“Insane acquittees and insane convicts: the rationalization of policy in nineteenth-century Connecticut,” by Lawrence B Goodheart. Abstract:

A current situation in Connecticut of whether a violent insane acquittee should be held in a state prison or psychiatric facility raises difficult issues in jurisprudence and medical ethics. Overlooked is that the present case of Francis Anderson reiterates much of the debate over rationalization of policy during the formative nineteenth century. Contrary to theories of social control and state absolutism, governance in Connecticut was largely episodic, indecisive and dilatory over much of the century. The extraordinary urban and industrial transformation at the end of the Gilded Age finally forced a coherent response in keeping with longstanding legal and medical perspectives.

“LSD experiments by the United States Army,” by Colin A Ross. Abstract: Continue reading New History of Psychiatry: LSD Experiments, Insane Acquittals, & More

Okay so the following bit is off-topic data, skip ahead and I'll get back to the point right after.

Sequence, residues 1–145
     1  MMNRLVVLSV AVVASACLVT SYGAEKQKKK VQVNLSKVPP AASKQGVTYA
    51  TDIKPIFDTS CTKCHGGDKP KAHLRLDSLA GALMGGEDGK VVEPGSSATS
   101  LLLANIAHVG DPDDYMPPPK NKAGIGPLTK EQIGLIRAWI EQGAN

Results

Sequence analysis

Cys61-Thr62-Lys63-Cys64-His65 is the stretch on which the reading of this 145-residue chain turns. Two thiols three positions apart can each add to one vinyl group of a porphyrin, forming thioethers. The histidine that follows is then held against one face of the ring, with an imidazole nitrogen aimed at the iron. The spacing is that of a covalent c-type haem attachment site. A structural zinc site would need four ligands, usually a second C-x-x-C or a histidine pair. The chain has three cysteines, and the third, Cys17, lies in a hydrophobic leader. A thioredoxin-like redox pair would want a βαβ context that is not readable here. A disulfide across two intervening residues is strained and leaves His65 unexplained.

NBN Interview with Susanna Blumenthal on Law and the Modern Mind

New Books Network (NBN) has released an interview with legal historian Susanna L. Blumenthal on her recent book, Law and the Modern Mind: Consciousness and Responsibility in American Legal Culture. As  NBN describes,

Blumenthal offers a historical examination of the jurisprudence of insanity, legal capacity, and accountability from post-revolutionary America through the nineteenth century. Americans struggling to set the boundaries of ordered liberty turned to Common Sense philosophy that held to divinely given rational faculties of intellect, volition, and moral sense. Republican citizenship assumed that a reasonable man, as a legal person, would act accordingly. The market economy of self-made men, the new field of medical psychology, will and contract challenges over wealth and property, tort law and increased liability claims exposed the inadequacy of social and political norms in defining human fallibility, and the limits of responsibility. Litigants, lawyers, judges, and medical experts struggled to find a reliable way to settle issues of mental competency and define the bounds of freedom. The incapacity of married women, children, and slaves provided a means of comparison for the male citizen involving metaphysical, political, social, and economic ideas wrapped up in the concept of self-government. Blumenthal has produced a remarkable piece of intellectual and legal history situated in the rapidly changing market environment of a young republic.